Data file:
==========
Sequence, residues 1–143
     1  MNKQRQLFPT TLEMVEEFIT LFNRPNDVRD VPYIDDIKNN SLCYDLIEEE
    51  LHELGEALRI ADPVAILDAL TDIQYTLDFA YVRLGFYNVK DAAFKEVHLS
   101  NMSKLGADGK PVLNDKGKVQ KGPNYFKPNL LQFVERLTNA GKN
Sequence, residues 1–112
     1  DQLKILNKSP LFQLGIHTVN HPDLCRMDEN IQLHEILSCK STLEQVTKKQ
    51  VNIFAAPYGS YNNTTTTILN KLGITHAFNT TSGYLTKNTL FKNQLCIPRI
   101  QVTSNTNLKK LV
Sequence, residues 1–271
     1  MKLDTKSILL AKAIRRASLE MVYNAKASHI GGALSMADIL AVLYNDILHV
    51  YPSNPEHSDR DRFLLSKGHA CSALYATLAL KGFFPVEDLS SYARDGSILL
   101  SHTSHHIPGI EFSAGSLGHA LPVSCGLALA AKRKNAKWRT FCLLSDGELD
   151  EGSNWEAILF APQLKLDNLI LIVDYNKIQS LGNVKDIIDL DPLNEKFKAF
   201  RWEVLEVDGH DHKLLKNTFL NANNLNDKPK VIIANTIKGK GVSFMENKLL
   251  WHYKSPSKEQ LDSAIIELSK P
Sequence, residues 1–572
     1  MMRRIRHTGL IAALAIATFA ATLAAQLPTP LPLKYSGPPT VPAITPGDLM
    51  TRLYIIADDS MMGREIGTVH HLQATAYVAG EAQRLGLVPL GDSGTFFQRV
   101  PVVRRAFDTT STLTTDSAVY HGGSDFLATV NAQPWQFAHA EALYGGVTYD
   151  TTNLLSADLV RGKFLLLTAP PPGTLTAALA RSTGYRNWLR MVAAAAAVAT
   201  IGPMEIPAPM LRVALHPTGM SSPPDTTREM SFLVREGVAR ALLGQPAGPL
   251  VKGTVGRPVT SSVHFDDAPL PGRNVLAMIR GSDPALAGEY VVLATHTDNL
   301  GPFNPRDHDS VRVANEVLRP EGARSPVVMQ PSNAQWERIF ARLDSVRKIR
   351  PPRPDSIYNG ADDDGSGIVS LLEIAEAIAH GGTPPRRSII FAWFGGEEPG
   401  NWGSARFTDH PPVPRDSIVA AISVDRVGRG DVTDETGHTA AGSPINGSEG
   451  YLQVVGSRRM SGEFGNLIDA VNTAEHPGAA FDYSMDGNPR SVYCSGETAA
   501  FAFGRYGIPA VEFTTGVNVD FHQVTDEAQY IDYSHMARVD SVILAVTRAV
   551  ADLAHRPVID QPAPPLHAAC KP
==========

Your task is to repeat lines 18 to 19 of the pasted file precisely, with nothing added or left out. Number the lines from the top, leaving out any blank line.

    51  TRLYIIADDS MMGREIGTVH HLQATAYVAG EAQRLGLVPL GDSGTFFQRV
   101  PVVRRAFDTT STLTTDSAVY HGGSDFLATV NAQPWQFAHA EALYGGVTYD